How To Treat A Sunburn

What exactly IS a sunburn? Is it really possible to make the pain and redness and embarrassment go away? Yes, it most certainly is…

So you had a little too much fun in the sun and now you’re paying the price to the tune of hot, itchy, red skin? No judgement — we’ve all been there. And hopefully, the discomfort you’re dealing with will serve as a nice reminder for next time to never skimp on SPF. But, in the meantime, there’s no reason to drive yourself crazy waiting for the sting to subside and your skin to inevitably start peeling. While you can’t get rid of a sunburn over night, there are ways to lessen whatever pain you may be feeling, bring down the redness (and possible swelling if it’s really bad), and make sure you body doesn’t turn into one giant sheet of dead skin.

First, the basics:

What is a sunburn anyway?

Simply put, it’s the skin’s response to UV exposure, an alarm bell that indicates damage. When your skin turns red, that’s the body’s inflammatory response; your skin cells are in trouble and need repairing and protecting, so your blood vessels dilate, your skin starts to lose its moisture (hence that tight feeling), skin cells thicken and melanin is produced in order to stop UV rays from getting any deeper or damaging your cells’ DNA.

What are the steps to treating a sunburn?

GET OUT OF THE SUN! Seriously. The minute you realize you’ve got a sunburn, get inside or under a large umbrella or find a shawl to throw over your body or cocoon yourself in a sleeping bag and hop around. Whatever it is, remove sun from the equation. Don’t convince yourself that “the damage has already been done.” While it’s true some damage has already been done, staying in the sun’s path can and will do more damage. Don’t give it the chance.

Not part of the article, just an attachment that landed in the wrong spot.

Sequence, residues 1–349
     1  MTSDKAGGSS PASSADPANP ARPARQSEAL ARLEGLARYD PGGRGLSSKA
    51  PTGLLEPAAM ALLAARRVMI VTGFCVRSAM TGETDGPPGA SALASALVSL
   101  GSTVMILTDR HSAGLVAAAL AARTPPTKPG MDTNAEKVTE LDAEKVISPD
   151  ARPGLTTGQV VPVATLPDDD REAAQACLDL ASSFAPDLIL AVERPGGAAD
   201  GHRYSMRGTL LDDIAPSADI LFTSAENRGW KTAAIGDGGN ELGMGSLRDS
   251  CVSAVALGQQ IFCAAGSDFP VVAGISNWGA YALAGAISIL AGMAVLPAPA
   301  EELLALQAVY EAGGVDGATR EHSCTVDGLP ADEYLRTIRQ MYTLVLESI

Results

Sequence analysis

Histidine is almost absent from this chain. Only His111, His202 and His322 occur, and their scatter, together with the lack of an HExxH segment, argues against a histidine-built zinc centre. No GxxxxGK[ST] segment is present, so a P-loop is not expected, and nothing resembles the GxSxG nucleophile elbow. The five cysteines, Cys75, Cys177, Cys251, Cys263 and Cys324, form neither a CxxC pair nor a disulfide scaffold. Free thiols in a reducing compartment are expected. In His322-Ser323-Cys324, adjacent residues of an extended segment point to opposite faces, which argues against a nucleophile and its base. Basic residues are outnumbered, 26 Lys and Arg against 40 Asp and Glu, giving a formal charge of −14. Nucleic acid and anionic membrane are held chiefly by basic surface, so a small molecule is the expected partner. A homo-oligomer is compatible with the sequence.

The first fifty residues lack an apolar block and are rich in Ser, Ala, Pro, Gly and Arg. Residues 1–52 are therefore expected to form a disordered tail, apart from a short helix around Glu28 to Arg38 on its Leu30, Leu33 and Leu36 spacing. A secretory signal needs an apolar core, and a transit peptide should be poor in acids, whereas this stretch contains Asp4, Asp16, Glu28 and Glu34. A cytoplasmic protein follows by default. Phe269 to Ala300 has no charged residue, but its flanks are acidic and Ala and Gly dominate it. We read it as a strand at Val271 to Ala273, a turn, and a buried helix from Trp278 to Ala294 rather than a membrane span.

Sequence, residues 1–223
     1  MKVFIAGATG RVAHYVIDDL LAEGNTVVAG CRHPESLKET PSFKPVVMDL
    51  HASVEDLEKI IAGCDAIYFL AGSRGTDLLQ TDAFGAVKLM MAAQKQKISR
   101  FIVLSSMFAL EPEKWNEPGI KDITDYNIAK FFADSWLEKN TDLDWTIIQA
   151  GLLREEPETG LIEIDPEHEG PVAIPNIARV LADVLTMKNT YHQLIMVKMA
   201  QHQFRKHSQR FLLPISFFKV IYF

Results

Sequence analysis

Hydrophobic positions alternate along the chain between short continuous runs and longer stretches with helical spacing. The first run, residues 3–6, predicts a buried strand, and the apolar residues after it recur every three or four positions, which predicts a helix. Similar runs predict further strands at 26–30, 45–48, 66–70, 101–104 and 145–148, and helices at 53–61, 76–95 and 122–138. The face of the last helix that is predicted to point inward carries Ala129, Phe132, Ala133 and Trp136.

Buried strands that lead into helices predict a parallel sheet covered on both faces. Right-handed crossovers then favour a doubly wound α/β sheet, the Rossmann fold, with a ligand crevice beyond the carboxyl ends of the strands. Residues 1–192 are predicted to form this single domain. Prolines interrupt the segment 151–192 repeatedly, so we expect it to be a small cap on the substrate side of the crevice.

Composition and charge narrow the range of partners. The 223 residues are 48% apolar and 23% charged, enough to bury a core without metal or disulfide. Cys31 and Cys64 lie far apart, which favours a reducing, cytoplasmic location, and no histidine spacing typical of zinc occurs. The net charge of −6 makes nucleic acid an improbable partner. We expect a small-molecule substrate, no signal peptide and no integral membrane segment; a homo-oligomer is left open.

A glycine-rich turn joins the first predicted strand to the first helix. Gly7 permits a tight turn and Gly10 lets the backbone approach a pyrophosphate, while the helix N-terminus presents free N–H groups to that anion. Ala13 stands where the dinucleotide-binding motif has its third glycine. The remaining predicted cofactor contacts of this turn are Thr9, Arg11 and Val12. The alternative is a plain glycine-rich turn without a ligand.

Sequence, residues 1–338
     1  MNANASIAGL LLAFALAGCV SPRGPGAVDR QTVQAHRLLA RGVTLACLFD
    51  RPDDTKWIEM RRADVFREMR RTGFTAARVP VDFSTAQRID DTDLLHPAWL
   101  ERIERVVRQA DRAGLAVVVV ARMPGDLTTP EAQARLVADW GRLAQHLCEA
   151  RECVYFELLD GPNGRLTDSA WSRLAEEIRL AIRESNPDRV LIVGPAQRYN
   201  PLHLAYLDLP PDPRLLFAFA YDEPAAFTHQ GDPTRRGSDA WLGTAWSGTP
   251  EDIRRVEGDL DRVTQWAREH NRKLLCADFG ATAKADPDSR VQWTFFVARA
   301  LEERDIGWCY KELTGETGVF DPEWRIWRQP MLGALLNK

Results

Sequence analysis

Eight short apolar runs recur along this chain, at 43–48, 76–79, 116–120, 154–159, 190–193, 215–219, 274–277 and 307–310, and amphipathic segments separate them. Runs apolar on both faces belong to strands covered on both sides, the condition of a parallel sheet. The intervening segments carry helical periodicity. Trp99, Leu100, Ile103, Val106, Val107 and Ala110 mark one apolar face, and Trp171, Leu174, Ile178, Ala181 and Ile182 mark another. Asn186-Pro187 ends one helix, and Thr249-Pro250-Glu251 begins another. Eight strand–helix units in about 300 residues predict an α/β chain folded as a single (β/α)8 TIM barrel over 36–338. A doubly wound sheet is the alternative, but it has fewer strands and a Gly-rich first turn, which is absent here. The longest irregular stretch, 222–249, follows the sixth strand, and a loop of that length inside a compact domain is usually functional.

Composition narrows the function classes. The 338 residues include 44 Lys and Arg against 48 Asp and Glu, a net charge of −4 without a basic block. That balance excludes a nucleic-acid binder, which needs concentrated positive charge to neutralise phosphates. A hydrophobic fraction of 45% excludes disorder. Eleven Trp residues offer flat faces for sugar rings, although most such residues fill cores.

Once you’re safely out of UV reach, hydrate. When your body is overheated and your skin cells respond to UV exposure, you lose a lot of fluid so it’s important to rehydrate early and often. Speaking of water, you’ll also want to hop in the shower (at least lukewarm water — never hot!) to cool off and lower your body temperature. A shower will also help get rid of any sunscreen, sweat, sand, and saltwater/pool water that may be clinging to your skin. (Please please please use your hands to apply a gentle, hydrating body wash and avoid scratchy loofahs or harsh washes at all costs.) Alternatively, hop into a cool bath and add some milk and/or oatmeal, both of which will help reduce inflammation and redness. When you’re done, gently blot your skin dry—no rubbing!

If you’re still feeling swollen and uncomfortable after a shower, head to the freezer. An ice pack or a cold, damp compress applied to the burn will further reduce swelling and the temperature of your skin. (My favorite trick is to soak a clean washcloth in water and stick it in the freezer for 10 minutes before letting it works its magic. It’s basically a popsicle for your sunburn.)

Now that your skin is clean, add a topical treatment to the mix. Unlike with standard dry skin, you want to steer clear of thick, oil-based products like butters and balms as they can lock heat into your skin, preventing it from properly cooling down. Your burn will be much better served by lightweight products specifically formulated for after-sun skincare as they’ll contain ingredients like pure aloe vera, vitamin E, lavender, licorice, algea, hyaluronic acid and cucumber to reduce pain and redness, repair damage and rehydrate skin.

Then, keep applying. And applying. And applying. And whatever you do, DO NOT PICK AT PEELING SKIN. As annoying (and kinda gross) as peeling skin can be, it’s part of the natural healing process after a sunburn. If you pick at it, you risk causing scars and further irritation. So hands off!

And finally, be more careful next time.

Whether it’s a stroll around the block or a day at the beach, a healthy application of sunscreen is always welcome.

+ Want to take post-sun care a step further? Check out this article on foods that fight sunburns!

 

 

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So useful! I actually try and stay out of the sun most of the time anyway – it’s been years since I’ve been sunburnt and I’d like it to stay that way!

Charmaine Ng | Architecture & Lifestyle Blog
http://charmainenyw.com